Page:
Duke study: Life without parole sentencing on the rise in NC
Researchers from the Wilson Center for Science and Justice at the Duke University School of Law discuss a report about the increase of life without parole sentencing in North Carolina.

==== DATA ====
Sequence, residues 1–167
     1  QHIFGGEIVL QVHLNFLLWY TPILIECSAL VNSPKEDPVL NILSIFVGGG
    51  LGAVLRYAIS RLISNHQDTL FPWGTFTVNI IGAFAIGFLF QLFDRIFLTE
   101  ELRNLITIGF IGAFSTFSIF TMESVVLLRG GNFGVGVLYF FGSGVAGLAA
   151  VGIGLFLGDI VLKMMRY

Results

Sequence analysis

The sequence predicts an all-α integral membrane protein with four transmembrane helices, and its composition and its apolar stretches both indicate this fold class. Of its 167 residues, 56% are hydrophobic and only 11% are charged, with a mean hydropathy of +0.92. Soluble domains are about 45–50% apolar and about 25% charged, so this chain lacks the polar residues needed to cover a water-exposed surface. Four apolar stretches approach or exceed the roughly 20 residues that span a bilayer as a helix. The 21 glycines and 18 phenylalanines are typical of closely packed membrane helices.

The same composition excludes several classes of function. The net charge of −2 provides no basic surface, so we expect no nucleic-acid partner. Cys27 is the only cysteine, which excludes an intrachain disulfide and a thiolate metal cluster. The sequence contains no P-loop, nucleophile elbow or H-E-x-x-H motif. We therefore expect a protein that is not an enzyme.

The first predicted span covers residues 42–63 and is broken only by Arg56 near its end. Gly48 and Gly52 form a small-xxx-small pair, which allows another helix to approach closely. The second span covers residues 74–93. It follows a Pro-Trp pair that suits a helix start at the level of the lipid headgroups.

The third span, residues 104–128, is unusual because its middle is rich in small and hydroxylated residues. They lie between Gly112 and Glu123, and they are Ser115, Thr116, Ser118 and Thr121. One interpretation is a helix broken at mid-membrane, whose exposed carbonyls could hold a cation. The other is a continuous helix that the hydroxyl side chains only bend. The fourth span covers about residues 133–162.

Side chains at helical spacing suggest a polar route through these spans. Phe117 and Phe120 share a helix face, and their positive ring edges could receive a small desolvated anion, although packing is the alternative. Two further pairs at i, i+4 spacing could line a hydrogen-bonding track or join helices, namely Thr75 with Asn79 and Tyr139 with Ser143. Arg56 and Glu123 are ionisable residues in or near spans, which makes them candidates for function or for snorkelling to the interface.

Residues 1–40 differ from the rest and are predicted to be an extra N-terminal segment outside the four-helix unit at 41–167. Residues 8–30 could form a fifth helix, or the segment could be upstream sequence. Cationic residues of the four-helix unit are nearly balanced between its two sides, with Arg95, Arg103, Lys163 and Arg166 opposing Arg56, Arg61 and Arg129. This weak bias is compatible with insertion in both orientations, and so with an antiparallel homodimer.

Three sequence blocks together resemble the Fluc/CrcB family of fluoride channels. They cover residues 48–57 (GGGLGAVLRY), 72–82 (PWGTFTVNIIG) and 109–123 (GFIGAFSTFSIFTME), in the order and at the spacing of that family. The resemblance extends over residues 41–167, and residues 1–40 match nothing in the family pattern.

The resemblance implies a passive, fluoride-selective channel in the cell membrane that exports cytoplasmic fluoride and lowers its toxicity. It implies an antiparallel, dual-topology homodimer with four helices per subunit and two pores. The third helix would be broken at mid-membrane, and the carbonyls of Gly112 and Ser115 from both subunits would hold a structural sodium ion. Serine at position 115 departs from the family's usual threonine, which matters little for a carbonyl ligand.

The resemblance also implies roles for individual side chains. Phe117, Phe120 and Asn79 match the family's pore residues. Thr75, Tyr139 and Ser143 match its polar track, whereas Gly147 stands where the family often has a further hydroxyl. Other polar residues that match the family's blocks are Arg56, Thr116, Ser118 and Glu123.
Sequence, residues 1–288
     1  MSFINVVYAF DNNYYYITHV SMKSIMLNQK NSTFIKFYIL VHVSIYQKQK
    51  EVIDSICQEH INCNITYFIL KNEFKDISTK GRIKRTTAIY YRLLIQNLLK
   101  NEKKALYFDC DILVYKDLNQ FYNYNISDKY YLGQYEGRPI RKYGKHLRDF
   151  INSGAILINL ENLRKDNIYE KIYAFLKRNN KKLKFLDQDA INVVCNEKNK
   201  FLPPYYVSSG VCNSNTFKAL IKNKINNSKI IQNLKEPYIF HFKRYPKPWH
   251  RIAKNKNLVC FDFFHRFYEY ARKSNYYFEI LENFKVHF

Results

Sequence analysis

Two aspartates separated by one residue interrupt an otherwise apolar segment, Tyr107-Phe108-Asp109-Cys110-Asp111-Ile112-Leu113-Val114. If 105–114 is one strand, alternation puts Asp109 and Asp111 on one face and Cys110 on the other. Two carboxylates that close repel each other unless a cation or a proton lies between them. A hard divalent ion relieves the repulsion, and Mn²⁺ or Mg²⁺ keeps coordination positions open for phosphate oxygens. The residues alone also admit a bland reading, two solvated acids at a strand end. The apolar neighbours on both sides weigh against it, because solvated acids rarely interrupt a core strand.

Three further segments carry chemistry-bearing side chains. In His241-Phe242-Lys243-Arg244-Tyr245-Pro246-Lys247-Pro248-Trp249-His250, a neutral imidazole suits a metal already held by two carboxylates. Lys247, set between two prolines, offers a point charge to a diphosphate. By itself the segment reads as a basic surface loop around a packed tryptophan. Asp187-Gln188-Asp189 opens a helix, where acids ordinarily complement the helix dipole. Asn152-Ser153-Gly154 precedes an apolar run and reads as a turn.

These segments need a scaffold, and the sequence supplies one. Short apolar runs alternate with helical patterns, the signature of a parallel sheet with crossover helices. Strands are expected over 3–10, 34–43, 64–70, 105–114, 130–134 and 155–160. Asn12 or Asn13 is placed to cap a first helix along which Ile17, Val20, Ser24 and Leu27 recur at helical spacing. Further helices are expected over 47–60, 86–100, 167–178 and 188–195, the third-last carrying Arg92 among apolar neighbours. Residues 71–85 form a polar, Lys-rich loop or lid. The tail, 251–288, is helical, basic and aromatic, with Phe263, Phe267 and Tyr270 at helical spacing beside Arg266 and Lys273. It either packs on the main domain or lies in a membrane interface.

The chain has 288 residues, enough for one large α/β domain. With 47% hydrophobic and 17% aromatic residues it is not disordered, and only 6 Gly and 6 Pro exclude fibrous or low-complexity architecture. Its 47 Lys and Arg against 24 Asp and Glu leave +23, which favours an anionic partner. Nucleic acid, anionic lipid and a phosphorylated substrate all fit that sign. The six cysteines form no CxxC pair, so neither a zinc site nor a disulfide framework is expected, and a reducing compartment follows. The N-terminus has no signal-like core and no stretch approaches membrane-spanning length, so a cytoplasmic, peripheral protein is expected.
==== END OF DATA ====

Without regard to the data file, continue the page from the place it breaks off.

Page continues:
here at Duke and he can regale you if you're interested in hearing about how challenging it. Waas Thio put together a truly complete set of data on people who have been sentenced to life without parole in North Carolina since since structured sentencing began. Been Finn Holt is here, too, and he was incredibly helpful and help helping us walk through how to link our data up to the Opus Data into lengthy systems together. Um, but the bottom line conclusions in our lengthy report are are fairly simple. Uh, we don't have the really, really detailed data that a lot of places have, including North Carolina on death. Sensing there has been no racial justice act to bring in researchers to study life without parole sentencing, they're also just many fewer death sentences. And so it's easier to get information about him. Uh, there are a lot of life without parole sentences, you know, we described how there have been more than 1600 from 1995 to 2017 and what's really interesting, even just about the basics. Just that number of sentences is that you know, this is a time period during which you know, murder rates have steadily gradually, but steadily declined. In North Carolina death sentencing has plummeted, Uh, and so why are their record numbers of these life without parole senses What explains it? That was the puzzle that we wanted to study here and the simple takeaways that we offer, although we also have some more detailed analyses that we could dig into, if you're interested, are that, you know, murder rates. Homicide rates do not explain this, even though the vast bulk of these sentences are for first or second degree murder sentences. And, in fact, the county is with the highest murder rates have less life without parole sense. Instead, these most severe sentences after their sentences are imposed in counties with more white victims of homicide. And this is consistent with decades of research and the death penalty context as well that although most murders are within race, uh, the murders with white victims may attract more attention from prosecutors from the jurors who are speeded in these trials on, of course, as compared with distancing cases, you know, many more people plead guilty to a life of parole. We also described, though, how even controlling for murder rates in the like that you just seem, or life without parole sentences in counties that have MAWR life without parole sentences that there's this inertia that builds that a county that imposes a life without parole sentences much more likely to do so the next year, the year after that, even controlling for murder rates and other factors. So, you know, we could talk more about the the implications of this, uh, you know, certainly there's a practical implication that we have an aging prison population in North Carolina with more and more people who cannot and will not be released under current law. There is nothing in, you know, structured sentencing that limits life without parole to the worst of the worst offenders. So in the juvenile life without parole context, there is supposed to be an inquiry into whether this person could never be rehabilitated. Whether this kid deserves the ultimate sentence that could be imposed on a kid and under that standard way had a report that been filled holds collaborated on with us that came out about a year ago. Just about every case that's come up for a hearing has been reversed because many of the juveniles, uh, even just on their face or not the worst of the worst. And whenever courts have looked, whenever there's been a substantial inquiry juvenile life without parole senses have been reversed in North Carolina, But for adult life without parole, there is no such inquiry. And so you, you know, you can regularly find case. Just don't look anything like the most, uh, involved person. Even in a given criminal incident, we highlight some examples of felony murder situations where the person who actually everyone agrees, did committed the shooting. Was the person who cooperated got a deal and their hapless You know, colleague, uh, was the one who got the ultimate sentence. Um, but again, you know, a sentencing judge prosecutor does not have to reserve life without parole for the most severe murders. Instead, we have a very broad first degree murder statute in North Carolina. And if you don't get sentenced to death, then life without parole is the is the sentence that is imposed. And so we have a fairly indiscriminate statute, which gives prosecutors a lot of discretion. And what we've seen is that district attorney's vary in their use of that discretion and unfortunately, that results and path dependency over time. But it also results in this strong effect regarding victim race, which, which, you know, we shouldn't be tolerating, particularly when severe sentences air concerned. But we shouldn't be tolerating it regardless. So, you know, we think that there is more to do to study these sentences. We hope that this is the beginning of a serious look and how the most severe sentences are imposed in North Carolina. Um, we hope that this work informs the task force, which we understand is considering second look and other ways of rethinking North Carolina's experiment in structured sentencing. Uh, and I'd love to turn things over toe to the others and and hear your questions. Uh, thank you again for joining us this morning. I wish we could be here in person. And I look forward to our conversation. Perhaps next, Uh uh, Representative more do you want? You wanna chime in next and talk about your perspective on Ah, what? Sentencing in North Carolina? Sure. Thank you, Brandon. And good morning, everyone. And I'd like to also introduce Henderson Hill Henderson. I are both on the governor's task force on racial equity and criminal justice. This was established back in June by Governor Cooper. We have been going full steam, uh, all summer all fall. We just got off a meeting with Mr Hill, and I think life without parole is one of the most egregious forms of racial discrimination and inequity in our criminal justice system. And I think that's the lens, which we're looking at up and down our criminal statutes. Even starting with juvenile's, they're just disproportionate number of kids of color compared. The white kids starts at the juvenile justice system starting at six years old. Over twice as many kids of color are petitioned into court. 80% of kids of color are put in detention or youth development facilities, and I think the most astounding number is juvenile's. Before they reached the age of 18 who have been sentenced to a life without parole. Basically death in prison sentence 91%. And looking at this racial inequity, how do we dismantle it? How do we get a much more just and fair justice system? Um, the data is so important, and this report that's coming out that that Brandon and his folks have worked on so hard is the best use of that information. To take this forward, to get statutory changes, to get administrative changes, to bring back a sense of true justice in our system. And if I could just ask if Henderson Hill would like to add any comments. But thanks for letting me be here. Good morning. And thank you represented Moray. And good morning, Brandon. On. Thank you, Brandon. And your team. I think this is an enormous contribution. I mean, I think that data driven policy has not been a strong suit for criminal justice policy. And I think what this report highlights is that we need our policies to be driven by information by data. Attn least informed by that data. And I have found some of these statistics just remarkable. I've looked at your work. I looked at some of than Finn else. Work and e can't keep numbers in my head really good. But to see numbers like six ranging from 66% to 80% of the population that serving sentences under either violent habitual felon statues or the habitual felon says as prisoners of color are just completely out of whack with what they should be. And I thought your description of these 1600 life without for all sentences should be alarming. It should ring bells that we've got those kinds of numbers in the face of declining homicide rates in in the face of a population that has turned away from the most extreme sentence death senses. I think we got 140 surks remaining on the roll, uh, to be compared with 1600 life without parole sentences. So the question is that this report raises must inform the policy. And I'm taken by your notion of muscle memory. I forget what other cute word you use that that there was hard path or something like that to me. Yeah. I take those those phrases to suggest that you know, we're not looking necessarily at Bull Connor in in the D. A s office or in the court, but that there is that there are patterns on. There are legacies that come from, frankly, a dark place that values certain lives mawr than it values other lives. And so what we have, I think in in some of these statistics are were black lives were taken in violence. The response is not life without parole. And yeah, I, for one, don't think it should be life without parole. Uh, but what we see is where light, like where white lives were taken overwhelming the overwhelmingly the response is life without for all. And so we should be challenged. We should be questioning whether that discretionary use of this punishment is appropriate. I do think this is a challenge that the Legislature must take up. And I think this this study, this report helps inform the recommendations that our group will be making putting forward to the task force. So thank you to the Duke team. Thank you. Burned and Ben for all the hard work, I think it's enormously helpful, and, you know, I don't have a question, but if I were to phrase the question, I would say, Well, where were you in 1994 or where were you, You know, 10 years ago? I mean, one of the one of the good things about the time we're living in is people are asking these questions, and resource is air finally being put, uh, to this important challenge, and, um, you know, One of the things that we're working on at the task force is Well, what do we do about the many hundreds and thousands of people who have been sentenced under these, uh, ill informed sentencing policies? How do we redress those pants sentences? So, again, this this report is important to inform those policy choices. Thank you so much, Anderson. Uh, well, we'll send a copy right away to the test scores. Nothing that's out. And we should also shout out to the North Carolina Law Review editors, By the way, in fact, we should send a company that they've been working hard on. And, you know, as you know, law students do a lot of work on footnotes and the like, and we're really grateful to the unsung work of all those students working on the North Carolina Laura view. Um, and, uh, well, we weren't working on this for 10 years. It has been more than two years. Uh, and, uh, um, perhaps before we turn to you, Ben Travis, you could say a few things about, you know, both represented Moray and Henderson Hill were just talking, highlighting the data on this white lives. Matter of fact way, have some additional analyses focusing on the race of the defendant, which we have. We don't have the race of the victim. In each of these cases, there's 1600 of them. It's very hard to get that information. And so what we're doing is comparing toe homicide rates of victims in homicides in each county and doing this county level analysis going back, you know, more than 20 years. So it's a lot of data, but we don't have the fine grain data that we would like, and so we can't point to, you know, certainly can't point to discrimination in any particular case. We're looking at larger patterns over time, Um, but we did do an additional analysis looking at the race of the defendant because, you know, most murderers involved victims of the same race. And, uh, and so you know the profile that you often see in life without parole cases where there's a black defendant in a white victim. That's not your typical homicide in North Carolina or anywhere else in this country. Um, so let me turn things over toe. Travis, who's been working hard for for more than a year on this project. Thanks, Brandon. And, um Yes. So I could talk a little bit more about that additional analysis that you're just bringing up. Uh huh. Eso in the main paper that some of you might have read were predicting, um, the number of l wop sentences in a given county in a given year throughout 1995 to 2017. Um, we're collapsing across defendant race. In this analysis, eso were just predicting the number of Elway absences regardless of whether the defendant was white or black or Asian etcetera. But in an additional analysis that we're going to include in the appendix, we actually separated. We do a very similar set of analysis, but in one set, we predict the number of elop senses for black defendants and then another set. We predict the number of elop senses for white defendants so we could see whether the patterns that we're finding in the main body of the paper, whether they're stronger, whether you get sorry, a stronger effect when it's predicting elop senses for black defendants. So is there a stronger victim? Race effect for black defendants are whether there's a stronger effect for white defendants and Essentially, what we're finding is that the findings in the paper are stronger when we're predicting, um, Elop senses for black defendants. So we see the stronger race of victim effect when we're trying to predict the number of black defendants who received all what and the effects are weaker. When we're predicting that the number of all up senses for white defendants which I think further highlights that the not only the race of the victim matters but the race the defendant matters. Um, so hopefully I'm gonna include those very, very shortly, and the manuscript that you receive will have that in the appendix. Um, so hopefully that's all clear. But, um, and as Brandon said, we don't have detailed case information, So this is just sort of, ah, more of, ah kind of a global overview. We don't know the race of the victims in each particular case, but this is sort of one way where we can kind of address, uh, from sort of a distant perspective, um, whether the race of the defendant matters and how that interacts with the race of the victim. Uh huh. And I think that's particularly interesting over to you Ben. Thanks, Brian. And thank you all for being Here s Oh, my name is Ben Finn Holt on the director of the just sentencing project at North Carolina Prisoner Legal Services. And I come at this both from, ah, global perspective with my work and as an actual legal counsel for someone who got Anel wop sentence when he was 19. Uh, my client, Clive Hurst, lived in New York City and came down here for the summer when he was 19. And, uh, to be perfectly frank and Clive would admit this himself made some bad decisions and, um, was involved got involved with some people who were dealing drugs. And it was so long ago at this point that, you know, it's not clear sort of how that connection happened, whether or not, uh, he was looking to make some money or whether or not these were, you know, friends of friends. Um, but the end result was at Clive ended up going with three other men Thio rob a drug dealer, and someone got shot. The dealers basically live in partner, got shot and killed, and that was a riel tragedy. And it's awful for everyone Clive was not the shooter. No one alleged that he was the shooter. The shooter never got caught in. You know, you hear about high speed chases, but they never get away. And in this case, they did. The shooter jumped a fence and was never caught. Clive Waas indicted for first degree murder, and he was convicted under the felony murder rule. But in order to do that, um, the underlying felony was breaking and entering because that was the most serious. Other crime that climate committed was breaking and entering, which is, uh, for those of you not familiar is now a Class H felony which carries, you know, somewhere between six months and maybe 18 months of prison time, you know, sort of towards the top end. Clive, as the point is, has l wop because that felony was used, uh, to support a theory of murder in order to make that connection in breaking and entering cases, you have to prove that the person carried a gun with them or a weapon into the breaking and entering. There was no evidence that Clive carried a weapon. And so, in order to make that connection, it was shown that he was acting in concert with the shooter who did bring again in. So again, this is a 19 year old person, a 19 year old man who breaks and enters with someone else who's carrying a gun, and the theory that he was acting with that person and might as well have possessed the gun himself. And then that person shoots and kills someone is what gets him L up now, the evidence that he knew that this other person was going to go in with a gun and uh might shoot someone. And that's why he should be held liable for the murder that another person committed WAAS. A statement to the police given by a woman named Roenicke a Jackson Ra Neca. Jackson also gave evidence against a man named Darryl Howard who turned out to be innocent of the murder he was convicted off and for whom The Innocents Project held a large and public hearing in Durham County a few years ago. One of the key pieces of evidence was that Roenicke a Jackson, had been paid $10,000 by the Durham Police Department. In Clive's case, her evidence, though it was hearsay and normally inadmissible was held to be admissible because it held and the legal phrase here is sufficient indicia of reliability. And I would I respectfully disagree with that, given what we know now about the fact that, uh, it would be hard to find indicia of reliability in a statement given to police by someone who was paid $10,000 by those police on her statement was given a two around the same time she was giving a statement about Darryl Howard, who was innocent. So this has, you know, this is a person now who has been in prison since 1994 so 26 years at this point, and has only had two infractions while in prison. And that brings me to the secondary point here, which is that's really in my role as a prison lawyer writ large. That's incredibly unusual because many, many people who go in to prison with an L wop sentence figure that they have nothing to lose, and there's no point in following rules that they don't agree with. And so you sometimes see folks with Elop senses who have enormous numbers of, uh, infractions because they it doesn't they can. They can never be If you're If you have an l wop sends, you never get within five years of a release date. And if you never get within five years of release state, you could never be in minimum custody. You can never get home passes. You could never be on work release. And so they're never going to get there. And so all of those benefits that come along with better custody in prison simply don't apply to people serving l wop. Uh, just on one of the task group zooms, uh, one that Todd Issue, the director of prisons, and I were on. I think we fairly squarely agree that neither prison lawyers nor prison guards want people who have l wop sentences. We don't believe that it's fair. And whether or not Mr Issue believes it's fair, he knows that people with L Up sentences are essentially more in some ways more difficult to deal with and have less incentive to, uh, behave themselves in prison, which makes what my client has done even more remarkable to stay infraction free for so long, uh, to base. You know his view of the world on his deep faith in God is really remarkable, given that he currently has no chance of ever getting out when we hope that that will change in the future. Uh, but you know, l wop is. You know, we I I think that people view this as well, you know, You you go away. You did something awful. And we can, uh, you know, we could never have you in society again, but I think that that's the wrong way to look at it. I think that there are many people who are serving this incredibly draconian sentence, uh, for acts that they, in fact did not directly commit. And we need to take a hard look both at how we're imposing this on Children. How we're imposing this on people of color and how we're opposing this on people who did not in fact, uh, kill anyone or intend to kill anyone. Uh, so, um, thank you again for having me. Thank you to Clive. Absentia for letting me tell your story. It's You have been so incredibly generous with your history and with your time. And so I welcome any questions. Well, we all stopped there. I love to answer questions. I saw a couple questions in the chat. One question. WAAS. How do prosecutors have flexibility or discretion under a structured sentencing in these cases? And so that that's a good question. Obviously, if a prosecutor, um, is dead set on pursuing a first degree murder conviction, then the there aren't many alternatives, right? That's they could pursue a death sense. And if they're not seeking the death penalty, then life without parole will result. And so the discretion is whether to seek a, you know, structured sentencing constraints, options, uh, the discretions, whether to seek a first degree murder conviction or not. But that's the thing a prosecutor could do now. Uh, there is also no back end discretion because because it's life without parole, right? And so what the task force is considering, Like there's the question whether there should be a back end discretion, uh, where at the, you know, at the time the person is 20 years old and commits the sentence. Maybe that is not felony murder. Maybe they were the person most culpable, and at that time it looks like a first degree murder conviction. But 20 years later, 25 years later. 30 years later, there may be the view that look, this person can be rehabilitated, this person can return to society. Right now, there's no way to do that. Obviously, for these senses, there's a question of rethinking. Front and discretion toe. Have more gradations. Not this inflexible. First degree murder equals either death or life without parole and back end discretion. Can there be second looks at? Even at serious sentences, other states have begun to move in this direction. North Carolina could dio. So that's that's a quick answer. Others want to jump in. Uh, yeah. And I know there's also a question about the the race of victim of homicide and eloped data, which we could talk about as well. Yes, I've tried to take a stab at that question at Jason's question. So Jason asked in the chat, Um, what about counties with black defendants and black victims? Um, so, uh, in a given county in a given year throughout this time period, Uh, what we find is that, um if a county has more black victims of homicide in that particular year, they're gonna be fewer black defendants. Um, get sentenced to Ella and that that effect is even stronger then the main effect that we see in the main body of the paper, um so in the main body, the paper again, that's just predicting Elop senses, regardless of defendant race. But when we look at okay, let's predict Ella absences. For black defendants, those effects are even stronger. So it's the same pattern of results, basically. But it's an even stronger effect. And I would say, E essentially, what you're saying is if black folks are getting killed in the county, the county is less likely to try to put people away forever, especially black defendants like defendants and but also black victims of homicide. We also looked at black population negatively correlated with life without parole sensing, which would figure because the more, uh, you know there's a white population than murders will fall more within that population, and you'll have more of the white victims that seem toe attract severe sentencing outcomes. Um, obviously, we're not saying that it's district attorneys that are making decisions that are biased. They may be impacted by their voters by judges thes maybe counties where public defenders aren't raising all issues that they should, Um but whatever the combination of factors is, we see these patterns and it's, you know, more than 25 years of, well, just about 25 years of data. Now, this isn't like a pattern that we saw emerge in just a couple of years after structured sensing. This is a long time period, uh, and it's not like the juvenile life without parole. Sentencing that we looked at were a lot of those senses were imposed in the five or six years after structured sentencing, and then the practice largely disappeared. But this is something that persists to this day largely along the same lines. Uh, despite crime decline. And it's also, you know, you know, anecdotally what you also certainly here is that it's not like larger counties. Larger district attorney's offices think that every homicide is a first degree murder, and they seek life without parole in every case. If anything, it's the larger counties that have more murders. Toe Look at that are making mawr decisions and deliberating, you know, they're also not, uh, yeah, they're not seeking life without parole sentences. Every time they see a homicide, they have a larger pool of cases to compare, and it can exercise more judgment in the same way that in the larger counties they're not seeking habitual offender status for every person that qualifies, uh, and and so they're they're they're Israel discretion here, and it's being exercised in very different ways. This is Jason. I wonder if I might just quickly jump in with the question. Thanks for some of that. I wonder if you could maybe add some more color. So basically, I'm thinking about this and I guess perhaps correct me if I'm wrong. There's effectively four scenarios, right? A black victim or a white victim. Black defendant, White victim, white defendant, black victim, black defendant, black victim, white defendant. My gut, I suppose tells me that you would have the harshest sentencing if there's a white victim with a black defendant and you would have the least harsh sentences with a black victim in a white defendant. Um, as you've noted, those are the minority of murder cases. And so what I'm curious about is there a stronger correlation to a black victim and a black defendant, meaning that it would be that the victim race, I suppose, matters more Or is it or would it be a sin necessarily. Be the defendants race matters more? Or would it be white defendant, white victim, Um, where the victim's race would matter more? I've kind of fumbled through that. But I wonder if perhaps you could give some color, sort of just in that general vein of Is the correlation stronger or where is the correlation stronger if the victim and the defendant are of the same race? Um, that's with black defendant and black victim. That's where you see the strongest negative correlation, as in the fewest l absences in the county. All right, Uh, and regarding, um, you also ask some questions about what about when the victim is white and the defendant is black or when the defendant is white and the victim done is, uh is black. Do we see an increase in L. A. What? Sensing? Or it was out. Your question, Jason, I guess maybe I'm just trying to think of the so the four different race combinations that you would have, right? How where is where is the correlation? The strongest and and where is it the weakest? The court? I would say the correlation is the strongest on this is a negative correlation with black defendants and black victims. So the more black victims you have, the fewer It's a strong droppin l absences for black defendants. Onda its weakest in um, I would say, uh, let me just pull up the table, um, white white victims and black defendants. So if there's a white victim now, this isn't There's no correlation here. So it's not like there's a significant positive correlation. There's just no correlation. Eso if you have ah, lot of white victims in a particular county in a particular year, you don't see any drop whatsoever in, uh, black defendants getting L What? That's not to say that correlations positive. Um, but it's just it's just not a significant negative correlation. Like what you see with black defendants and black victims. That correlation goes away essentially, and so what does that mean for your for your study? In that means there's no draw in l up sensing so essentially what? What it suggests to me is that if you have a black defendant and a white victim of crime doesn't matter. If that there's no decrease in that decreasing the probability of that defendant getting l up there just is like they get elbow up, Um, whether it was the 30th murder that happened in the county or whether it was the first murder that happened in the county. So it sounds to me like it's the victim. Race is what? When basic, When you have black victims of crime, you're much less likely to see Elop. We're hanging out elop for killing white people, not for killing black people. That's essentially what I'm saying. Yes. Yeah. And this is Sara Krueger with WRL If I could just jump in real quick with one follow up on that when you're talking about a decrease in seeing l wop sentences, could you talk about then what is the alternative like, Are you seeing more death sentences in those cases? Are you seeing just, you know, like a decade or two, a death senses continued to decline, s so we're certainly not seeing any relationship like that. Um, so, you know, and the counties that are relying less on out, I thought pro sensing they're relying on term of your sentencing under, you know, second degree murder or other charges. Yeah, Sarah the in terms of North Carolina sentencing, the only old are alternative. There is to reduce the charge from first degree murder to second degree murder. And then, uh, it's a general matter. Unless it's a particularly bad murder, which probably wouldn't get second. And the persons got a large number of prior record points. The only option would be a term of years. So the you're going from the your options are either l wop or death for first degree murder. And then, if you don't want so so the drop there would be if you have white victim. I mean, if you have black victims of crime, you're just offering people deals to say 2025 30 years rather than a wop. Because that's the That's the only sort of shift you can not sort of. That is the only shift you can make under sentencing, um, under the structure Sentencing Act, you know, and I'm looking here in the chat at Rob's question. How would we structure reforms? I mean, I think that we've already seen we've seen North Carolina has already two pieces in place, um, from other times and in other, uh, situations that could be applied directly to adult first degree murder cases. One is that when structured sentencing when the structured Sentencing Act was passed in or became effective in 1994 there was included in there, UM, a 25 year review provisions. Uh, the the statute uh, North Carolina General statute 15 A. That's 13 80.5 is, um, to say not a model of clarity. However, it does provide a review option that, um, that people can utilize every two years where a judge has to take a look at the trial record and has to take in any other information that he or she he or she deems relevant and decide whether or not that person's sentence should stay the way it is. They can then make a recommendation to the governor, the governor. They could make a recommendation for parole eligibility or for commutation of the sentence. If the judge recommends computation. That decision is made by the governor if they recommend a parole eligibility than the governor has delegated that authority to the parole commission to determine whether or not the person becomes eligible for parole. So that structure for looking back is in place, and we could improve upon it by writing a statute that is more specific, more detailed, provides for the right to counsel provides just more procedural due process rights like we see in the rest of the criminal justice system. Then the second piece is that when Miller v. Alabama came down from the United States Supreme Court in 2012 our Legislature moved very quickly to say that any juvenile convicted of first degree murder under the felony murder rule would become eligible for parole after 25 years, uh, and then set forth an additional hearing procedure, Uh, for people who were convicted under a theory of premeditation and deliberation that also allows those folks to have a hearing and demonstrate that that they're not, uh the phrase the Supreme Court uses is permanently incorrigible. And if they're not, then they are eligible to being considered for parole after 25 years. So we've already got ways of dealing with this sort of putting in place on the front end. We know you're getting eloped, but we will review this after 25 years or looking back and saying anyone who has this sentence can become eligible if we have this hearing. So you know there are There are means for us to do this on day and we have the structures in place in North Carolina statutes if we want to. If I could maybe jumping in with another question, I sort of understood it to be the defendants race that mattered mawr in terms of harsh and unfair sentencing. But it sounds like you're saying, Well, that that that that might be true. What actually matters more is the race of the victim. Would that that also applied to, say, white defendants who murder white victims? Yeah, And that's and that's, you know, consistent with what we see. Basically, in every state where death sentencing has been studied, um, that when you have lots of prosecutorial discretion and very, very serious sentences, that victim race really matters. And, um, whether it's that prosecutors think that these victims will be more sympathetic in front of the jury, whether it's white victims will push more and say we demand ultimate justice. Um, whether it's implicit bias that D A is have themselves when they're making these decisions and meeting with victims and deciding what to do um, researchers aren't totally sure. You know, anecdotally in some states you hear that prosecutors never get calls or never tried to call themselves victims except when the victims are white. Steve Bright has these unbelievable stories about exercise of the death penalty in Georgia, where if it's a black victim, family never gets called. Uh, and that said in the death sentence in context, you may also have situations like in the Charleston shooting, where the victim, you know, the victims of the shooting of the black church themselves didn't want the death penalty. They didn't believe in it. They thought that had usually been used in ways that were racially discriminatory, and so they didn't support the choice. Uh, anyway, that za long answer. But yes, this and this is highly consistent with what we see wherever the death penalty has studied, and that's what makes it so interesting. People hadn't turned from the death penalty to life without parole sentencing to see whether the same pattern supply, you know, there were good reasons why we start first with the death penalty, the ultimate sentence. There's been a racial justice act in North Carolina and substantial research, but you know now, life without parole sensing dwarfs, death sensing in terms of numbers of people. We hadn't had this information that passed, and we need to doom or to unpack these patterns. It's obviously been a subject of legislative and judicial concern that race of victim matters so much and distorts death. Sentencing. There hasn't been that legislation or judicial concern in the life without parole context could I also add in response to Rob's question. You know what our solutions and I think you know, we're also looking philosophically. What kind of a society are we if someone commits a crime? Are we only after retribution and punishment with no possibility that someone can be reformed or be rehabilitated and so the longest sentences give them a chance for parole? Don't guarantee parole, but with human life without parole, we introduced bipartisan legislation last year that after 25 years, give that young person the possibility of a parole review hearing to grant or deny. So we're saying, Don't slam the door on people's lives that some people you know they have paid their price but give them a chance to live their life outside prison walls after a substantial amount of time has been served. So I think we need to look, Are we going to end mass incarceration in the United States? And in this state, we have the worst numbers of any country in the world. And I think we're all looking. How do we become a more humane just and have mercy with justice? Thank you all so much. Um, for attendings, Melissa here. I e really appreciate it. Um, we've got time for one more question. If anyone have any follow ups and if not, you know, you guys have my email, my contact information. Feel free to reach out. Thank you so much to everyone who came today and, um, tour our guest who spoke. Um, and please don't hesitate. Toe. Let us know if you need. You guys need anything else, I'll get the report up on the site here just ASAP. But if you want it quickly, just send me an email. Um, and I'll be happy to shoot it over to you guys. Thanks, everyone. Thank you all. Thank you. They killed so much. It's great to see you. And please don't hesitate to email me as well if you have other questions. Yes. Yeah. Mhm.